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Fleming On History of Fixing Weather, Changing Climates

James R. Fleming Ph.D. spoke on Thursday’s convocation about his 2010 book “Fixing the Sky: The Checkered History of Weather and Climate Control.” Fleming is a professor of Science, Technology and Society at Colby College. His book seeks to bring history to bear on current, pressing policy issues, and focuses on the failed attempts at managing the environment. Fleming believes a better title for this meddling called “geoengineering” is “geo-scientific-speculation.” Reporter Carl Sessions ’15 spoke with Fleming before his talk.

Kicking off Environmental Awareness Month, Colby Professor James Fleming addresses the com- plex issue of geoengineers. Photograph by Kathlyn Cabrera

What is geoengineering and what might it be used for?
Geoengineering is the very speculative idea that some technological fix could respond to concerns about climate change. Geoengineering is cast right now as a heroic response using a technological fix to the very long-term, future problem of climate warming.
As for the term itself, “geo” means planetary, or very large-scale, and “engineering” is human intervention. It’s really the opposite of nanotechnology.

[Geoengineering] has occurred throughout history—the Dutch did a lot of large-scale engineering with their infrastructure on dikes, but the kind I’ll be talking about today doesn’t really exist because you can’t get a permit for it. So it’s really geo-scientific-speculation, and it’s a game that’s played with very simple computer models. It’s really not ready for prime-time and I want to make that clear. [Geoengineering] is the fantasy of people who want to be planetary surgeons—[a process that is] about as accurate as the old barber surgeons who bled their patients.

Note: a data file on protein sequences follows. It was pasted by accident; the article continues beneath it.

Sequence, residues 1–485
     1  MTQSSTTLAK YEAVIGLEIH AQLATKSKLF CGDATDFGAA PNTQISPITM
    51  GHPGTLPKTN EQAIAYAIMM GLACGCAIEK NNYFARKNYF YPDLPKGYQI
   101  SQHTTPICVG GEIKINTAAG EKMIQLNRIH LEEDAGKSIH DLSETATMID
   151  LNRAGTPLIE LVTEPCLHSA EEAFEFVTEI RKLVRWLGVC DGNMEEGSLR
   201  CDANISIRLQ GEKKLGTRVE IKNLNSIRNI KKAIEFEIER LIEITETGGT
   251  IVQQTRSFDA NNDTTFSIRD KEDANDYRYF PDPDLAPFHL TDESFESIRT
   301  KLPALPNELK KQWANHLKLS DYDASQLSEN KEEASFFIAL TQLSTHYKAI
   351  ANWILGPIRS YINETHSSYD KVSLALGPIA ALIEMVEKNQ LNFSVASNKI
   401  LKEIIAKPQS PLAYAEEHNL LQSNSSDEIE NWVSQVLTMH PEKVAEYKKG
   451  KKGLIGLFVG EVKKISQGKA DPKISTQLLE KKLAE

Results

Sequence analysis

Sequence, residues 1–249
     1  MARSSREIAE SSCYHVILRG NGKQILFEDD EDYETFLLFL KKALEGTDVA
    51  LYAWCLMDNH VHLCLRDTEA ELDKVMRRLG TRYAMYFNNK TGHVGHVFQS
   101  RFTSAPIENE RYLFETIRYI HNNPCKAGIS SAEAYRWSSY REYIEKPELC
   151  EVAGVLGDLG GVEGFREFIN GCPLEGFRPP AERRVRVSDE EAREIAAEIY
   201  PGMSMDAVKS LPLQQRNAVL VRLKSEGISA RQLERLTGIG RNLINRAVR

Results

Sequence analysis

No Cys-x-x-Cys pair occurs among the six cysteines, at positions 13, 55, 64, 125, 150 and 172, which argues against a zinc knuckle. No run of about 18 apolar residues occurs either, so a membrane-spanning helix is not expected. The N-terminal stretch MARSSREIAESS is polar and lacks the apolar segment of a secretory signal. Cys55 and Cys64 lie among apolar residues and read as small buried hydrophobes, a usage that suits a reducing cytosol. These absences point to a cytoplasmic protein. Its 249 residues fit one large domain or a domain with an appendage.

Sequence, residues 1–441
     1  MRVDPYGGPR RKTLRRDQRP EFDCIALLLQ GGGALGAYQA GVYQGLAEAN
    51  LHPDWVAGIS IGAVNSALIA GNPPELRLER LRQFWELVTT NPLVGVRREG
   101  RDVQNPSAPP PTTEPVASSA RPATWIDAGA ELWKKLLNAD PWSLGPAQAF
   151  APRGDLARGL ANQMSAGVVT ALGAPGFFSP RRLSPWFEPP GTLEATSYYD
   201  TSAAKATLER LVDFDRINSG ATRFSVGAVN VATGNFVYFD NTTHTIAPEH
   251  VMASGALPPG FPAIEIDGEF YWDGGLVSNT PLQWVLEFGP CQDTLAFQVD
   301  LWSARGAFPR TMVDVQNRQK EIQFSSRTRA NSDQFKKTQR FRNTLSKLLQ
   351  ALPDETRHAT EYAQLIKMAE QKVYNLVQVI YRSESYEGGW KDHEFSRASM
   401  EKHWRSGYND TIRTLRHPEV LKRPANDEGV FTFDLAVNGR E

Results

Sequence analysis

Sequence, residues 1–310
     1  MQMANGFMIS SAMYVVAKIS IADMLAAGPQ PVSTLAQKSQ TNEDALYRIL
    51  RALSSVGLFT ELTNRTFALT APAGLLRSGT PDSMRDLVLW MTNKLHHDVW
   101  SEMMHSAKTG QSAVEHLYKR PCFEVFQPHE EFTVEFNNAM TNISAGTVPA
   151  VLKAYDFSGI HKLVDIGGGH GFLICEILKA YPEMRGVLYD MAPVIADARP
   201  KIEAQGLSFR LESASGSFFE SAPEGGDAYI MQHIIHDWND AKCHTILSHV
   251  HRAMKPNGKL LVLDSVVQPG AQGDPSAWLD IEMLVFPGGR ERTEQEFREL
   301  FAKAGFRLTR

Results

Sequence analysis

It’s really a very speculative process. Geoengineers think that they’re the lifeboat of the Titanic … I try to counter that with a little bit of questioning of what they’re really doing.

Could projects as small as dams be considered geoengineering?
I look at planetar-scale projects that affect the whole planet. My use of geoengineering includes planetary engineering or terraformation. The smaller-scale definition would include dams.

Who are these geoengineers?
It’s a very wide spectrum [and] there’s no coherent community. Geoengineers don’t have their own annual meeting. They have lobbyists, patent holders, billionaires, or enthusiasts like Rube Goldberg. And then there are people on the edges. Some of my friends are ethicists, historians or climate monitors, and these people have a more nuanced perspective.

[Some of them] are people that I truly respect, they are top-level climate modelers. [But] it quickly devolves into people who use others’ models and just plug in their own parameters. Others will just say ‘I’ve got an idea, let’s put a giant hose into the stratosphere and pump sulfur.’ It goes from relatively well-respected scientists—some of them have patents, and that’s what worries me, if something happens, they could really stand to gain a lot, they’re not wholly objective—to people like Bill Gates, who could start a field program tomorrow to burn methane in the Arctic.